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Boxwood Fungus

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Hello Gardeners, I’m Amanda McNulty with Clemson Extension and Making It Grow. Boxwoods have always had several problems but overall, they’ve been reliable and invaluable landscape material. Now a contagious fungal pathogen has arrived from Europe and it is devastating to certain cultivars.  Boxwood blight came to the United States 2011 and is spreading rapidly, initially by new plants that arrive at nurseries to be sold. In South Carolina, boxwood plants that at the time showed no symptoms arrived in state and only after being installed in landscapes, did symptoms started to appear. The first signs are usually leaf spots which can eventually cover the entire leaf surface.  Stems also show black streaks and lesions. Once infected new plants are in the landscape, the disease easily spreads to established boxwoods as the sticky spores cling to animals, people, and are also moved by splashing water and tools. There’s no cure for severely infected plants.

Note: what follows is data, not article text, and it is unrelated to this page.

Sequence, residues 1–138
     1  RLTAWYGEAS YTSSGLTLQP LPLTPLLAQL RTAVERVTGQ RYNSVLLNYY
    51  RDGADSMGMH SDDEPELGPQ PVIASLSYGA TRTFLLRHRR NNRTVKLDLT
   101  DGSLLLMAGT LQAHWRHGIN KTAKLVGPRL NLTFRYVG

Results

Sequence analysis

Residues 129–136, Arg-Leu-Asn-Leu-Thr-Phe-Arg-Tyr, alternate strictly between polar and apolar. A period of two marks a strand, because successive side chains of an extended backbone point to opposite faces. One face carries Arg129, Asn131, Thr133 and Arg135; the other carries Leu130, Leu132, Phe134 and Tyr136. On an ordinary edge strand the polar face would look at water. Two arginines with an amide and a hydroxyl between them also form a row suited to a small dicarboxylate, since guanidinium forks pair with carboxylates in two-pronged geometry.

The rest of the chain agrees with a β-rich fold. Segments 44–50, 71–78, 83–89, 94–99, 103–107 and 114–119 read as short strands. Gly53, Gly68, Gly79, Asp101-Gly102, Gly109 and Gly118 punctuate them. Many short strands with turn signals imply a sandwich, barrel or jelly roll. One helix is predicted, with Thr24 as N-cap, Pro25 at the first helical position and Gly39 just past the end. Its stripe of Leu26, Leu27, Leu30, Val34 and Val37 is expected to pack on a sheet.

Amanda McNulty is a Clemson University Extension Horticulture agent and the host of South Carolina ETV’s Making It Grow! gardening program. She studied horticulture at Clemson University as a non-traditional student. “I’m so fortunate that my early attempts at getting a degree got side tracked as I’m a lot better at getting dirty in the garden than practicing diplomacy!” McNulty also studied at South Carolina State University and earned a graduate degree in teaching there.